Wednesday, September 11

First Two

I’ve started a writing project with a friend that I hope will only grow & grow. Two hundred words (give or take twenty) to write about a subject suggested by the other, usually erotic in nature. Here are my first two. (Otherwise, if you must know, I am feeling strange this evening but big changes are afoot and I’m feeling good.)


Just A Pip

She was miserably unemployed. I had a job. When I kissed her good-bye in the morning I knew that she would get another few hours. Each of us envied the other.
One day I returned home to find her in the bathroom. She was stood nude in the middle of the room. On the tiled floor around her feet was a cirrocumulus cloud of black hair; pubic hair; dry; tangled and vague. She was patting her pubis.
‘What happened?’
‘I got bored so I decided to give myself a trim.’
I thought of all the time she had been lying in bed that morning—‘Please tell me dinner’s ready!’
‘No… but look at this.’ She showed me herself: all bare except a strip of black aimed at her navel—‘I feel so much cleaner!’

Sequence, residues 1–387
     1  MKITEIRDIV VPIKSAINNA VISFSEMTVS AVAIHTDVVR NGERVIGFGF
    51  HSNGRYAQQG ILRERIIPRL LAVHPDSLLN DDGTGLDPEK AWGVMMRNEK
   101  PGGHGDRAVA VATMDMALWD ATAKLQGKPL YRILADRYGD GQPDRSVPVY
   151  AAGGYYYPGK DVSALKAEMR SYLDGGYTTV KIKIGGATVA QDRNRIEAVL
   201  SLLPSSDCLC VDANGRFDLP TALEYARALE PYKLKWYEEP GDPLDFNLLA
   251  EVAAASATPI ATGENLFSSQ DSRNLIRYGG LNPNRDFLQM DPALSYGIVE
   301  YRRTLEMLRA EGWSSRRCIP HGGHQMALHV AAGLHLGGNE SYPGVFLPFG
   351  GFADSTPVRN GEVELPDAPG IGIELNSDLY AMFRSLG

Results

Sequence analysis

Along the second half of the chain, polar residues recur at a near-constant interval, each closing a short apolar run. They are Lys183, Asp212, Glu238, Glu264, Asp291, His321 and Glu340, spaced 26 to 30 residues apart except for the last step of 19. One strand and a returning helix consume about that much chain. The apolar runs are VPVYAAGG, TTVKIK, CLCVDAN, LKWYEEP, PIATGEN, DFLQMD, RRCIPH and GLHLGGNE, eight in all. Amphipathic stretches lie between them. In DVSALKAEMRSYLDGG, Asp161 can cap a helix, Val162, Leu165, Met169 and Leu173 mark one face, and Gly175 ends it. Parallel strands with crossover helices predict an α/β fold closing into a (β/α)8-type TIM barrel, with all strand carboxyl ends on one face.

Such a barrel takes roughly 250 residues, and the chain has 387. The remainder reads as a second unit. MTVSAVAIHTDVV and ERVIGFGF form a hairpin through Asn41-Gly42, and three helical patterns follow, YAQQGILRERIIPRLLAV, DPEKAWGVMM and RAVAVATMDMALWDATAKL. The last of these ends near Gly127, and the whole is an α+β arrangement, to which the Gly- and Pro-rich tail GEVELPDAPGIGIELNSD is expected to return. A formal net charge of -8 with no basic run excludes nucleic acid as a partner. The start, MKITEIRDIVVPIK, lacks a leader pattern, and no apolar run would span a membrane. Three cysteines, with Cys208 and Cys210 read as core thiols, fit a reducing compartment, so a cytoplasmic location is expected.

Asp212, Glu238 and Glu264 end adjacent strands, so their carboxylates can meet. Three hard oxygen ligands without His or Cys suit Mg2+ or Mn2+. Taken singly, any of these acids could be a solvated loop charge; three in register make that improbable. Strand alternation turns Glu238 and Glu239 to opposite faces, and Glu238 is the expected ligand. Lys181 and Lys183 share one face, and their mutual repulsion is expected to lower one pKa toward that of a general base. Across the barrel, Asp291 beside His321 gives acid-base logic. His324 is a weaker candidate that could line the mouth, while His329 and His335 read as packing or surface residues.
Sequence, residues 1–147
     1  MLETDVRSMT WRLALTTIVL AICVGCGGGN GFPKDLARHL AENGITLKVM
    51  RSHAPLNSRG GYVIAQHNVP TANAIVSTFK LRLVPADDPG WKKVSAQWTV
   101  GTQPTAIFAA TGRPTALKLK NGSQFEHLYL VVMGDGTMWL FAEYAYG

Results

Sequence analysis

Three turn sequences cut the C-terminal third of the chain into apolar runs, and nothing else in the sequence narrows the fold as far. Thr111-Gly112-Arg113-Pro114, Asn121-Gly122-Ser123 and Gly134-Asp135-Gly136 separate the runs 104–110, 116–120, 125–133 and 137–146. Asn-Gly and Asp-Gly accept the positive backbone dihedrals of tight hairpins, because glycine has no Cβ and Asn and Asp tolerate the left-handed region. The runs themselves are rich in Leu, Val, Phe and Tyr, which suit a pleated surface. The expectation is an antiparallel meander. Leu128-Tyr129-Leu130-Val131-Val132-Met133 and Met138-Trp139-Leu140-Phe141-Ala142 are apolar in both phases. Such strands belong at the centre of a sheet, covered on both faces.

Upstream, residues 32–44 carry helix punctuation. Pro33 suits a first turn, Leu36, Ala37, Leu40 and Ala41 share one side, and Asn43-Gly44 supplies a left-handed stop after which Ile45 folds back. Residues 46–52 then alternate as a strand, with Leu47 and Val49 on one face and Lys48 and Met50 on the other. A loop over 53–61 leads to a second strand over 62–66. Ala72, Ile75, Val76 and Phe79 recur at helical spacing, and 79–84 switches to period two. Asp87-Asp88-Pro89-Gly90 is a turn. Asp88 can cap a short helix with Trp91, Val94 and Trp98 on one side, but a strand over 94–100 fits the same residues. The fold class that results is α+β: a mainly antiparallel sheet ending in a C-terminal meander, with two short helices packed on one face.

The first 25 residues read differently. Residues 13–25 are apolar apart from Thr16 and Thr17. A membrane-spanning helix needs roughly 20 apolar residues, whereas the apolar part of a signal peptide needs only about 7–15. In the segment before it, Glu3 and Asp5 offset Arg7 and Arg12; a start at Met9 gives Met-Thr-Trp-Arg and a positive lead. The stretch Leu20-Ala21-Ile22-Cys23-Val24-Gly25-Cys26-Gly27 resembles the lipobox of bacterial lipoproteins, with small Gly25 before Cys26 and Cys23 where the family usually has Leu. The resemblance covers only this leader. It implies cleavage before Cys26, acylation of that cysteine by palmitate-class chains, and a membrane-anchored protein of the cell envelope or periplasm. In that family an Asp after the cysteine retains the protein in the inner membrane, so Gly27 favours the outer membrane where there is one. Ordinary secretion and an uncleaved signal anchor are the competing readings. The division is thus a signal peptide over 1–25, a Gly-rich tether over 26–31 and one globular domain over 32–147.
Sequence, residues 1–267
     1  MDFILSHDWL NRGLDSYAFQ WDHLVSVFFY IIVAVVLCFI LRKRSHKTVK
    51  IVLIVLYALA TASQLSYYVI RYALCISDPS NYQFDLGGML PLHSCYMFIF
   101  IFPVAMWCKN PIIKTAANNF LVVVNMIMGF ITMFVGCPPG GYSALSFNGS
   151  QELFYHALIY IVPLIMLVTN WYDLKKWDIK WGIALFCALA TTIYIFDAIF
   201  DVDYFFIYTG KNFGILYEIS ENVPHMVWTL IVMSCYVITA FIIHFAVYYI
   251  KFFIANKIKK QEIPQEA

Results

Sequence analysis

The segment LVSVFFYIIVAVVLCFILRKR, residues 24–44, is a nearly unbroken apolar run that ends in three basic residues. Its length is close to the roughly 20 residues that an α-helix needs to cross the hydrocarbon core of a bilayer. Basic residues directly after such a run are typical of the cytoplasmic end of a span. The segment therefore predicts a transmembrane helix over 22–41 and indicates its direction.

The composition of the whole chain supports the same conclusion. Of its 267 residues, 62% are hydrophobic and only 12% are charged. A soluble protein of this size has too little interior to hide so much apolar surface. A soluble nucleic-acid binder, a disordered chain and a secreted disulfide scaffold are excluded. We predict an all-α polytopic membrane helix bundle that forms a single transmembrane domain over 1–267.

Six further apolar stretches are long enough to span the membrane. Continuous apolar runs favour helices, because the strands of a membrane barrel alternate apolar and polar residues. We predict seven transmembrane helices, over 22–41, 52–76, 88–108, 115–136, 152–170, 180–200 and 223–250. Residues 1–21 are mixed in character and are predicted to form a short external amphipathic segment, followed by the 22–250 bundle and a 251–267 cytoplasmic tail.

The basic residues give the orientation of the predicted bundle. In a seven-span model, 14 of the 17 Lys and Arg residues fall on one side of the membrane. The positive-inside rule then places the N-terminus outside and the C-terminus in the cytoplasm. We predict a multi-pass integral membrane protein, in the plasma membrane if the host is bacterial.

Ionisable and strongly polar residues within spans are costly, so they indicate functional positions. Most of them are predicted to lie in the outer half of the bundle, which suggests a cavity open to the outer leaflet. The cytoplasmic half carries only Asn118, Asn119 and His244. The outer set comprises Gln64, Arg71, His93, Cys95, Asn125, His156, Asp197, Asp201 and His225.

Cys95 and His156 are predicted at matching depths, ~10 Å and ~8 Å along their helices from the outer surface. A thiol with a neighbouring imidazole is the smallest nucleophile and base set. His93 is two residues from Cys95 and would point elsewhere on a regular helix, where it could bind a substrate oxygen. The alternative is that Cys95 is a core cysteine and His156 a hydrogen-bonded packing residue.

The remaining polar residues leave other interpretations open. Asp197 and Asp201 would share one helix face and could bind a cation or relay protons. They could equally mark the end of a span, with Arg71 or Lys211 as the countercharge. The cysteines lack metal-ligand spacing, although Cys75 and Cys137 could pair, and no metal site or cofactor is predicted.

Her sex looked good. I forgot about dinner.
Sighing at me, she sat on the bath edge and spread until it glistened.
All of the details were there, ignited. I kneeled down. What had been shrouded in the mystery of thick black pubic hair was now bare and translucently pink. She spire’d her fingers above it, peeling apart the folds, and pulled my hair until we connected.
I could make out blurry pink curtains and a swollen clitoris. Then I smelled my aftershave balm and swallowed.


Just A Pip

Miss Ludwig held the remainder of her tuna sandwich in her left hand and with her right she alternated between turning the newspaper pages and putting crisps in her mouth, careful not to let them touch her lips. She was sat behind the school reception and the sound of the dinner-hall could be heard.
All of a sudden—‘Miss Ludwig!’ a boy ran out of the hall—‘Miss Ludwig, please call my mum right away! There’s been an emergency!’
‘What is it?’
‘I swallowed an apple seed.’
‘That’s nothing to worry about. It’s just a pip.’
‘No, it’s not. It’s a seed and unless something is done right away an apple tree is going to grow outta my belly and you’re gonna have to explain my death to my mum.’
The receptionist put down her tuna sandwich on the grey newspaper and called the boy’s mother, calmly explaining the situation. The mother gasped and hung up.
‘…I don’t think she’s coming.’
The boy took a seat. His knees tapped nervously. ‘Never thought I’d go out like this …’ he said.
Moments later, a screeching car, the mother arrived, dragged the boy by his arm to the toilet and said to Miss Ludwig—‘Get me a glass of water and a pot of salt immediately!’

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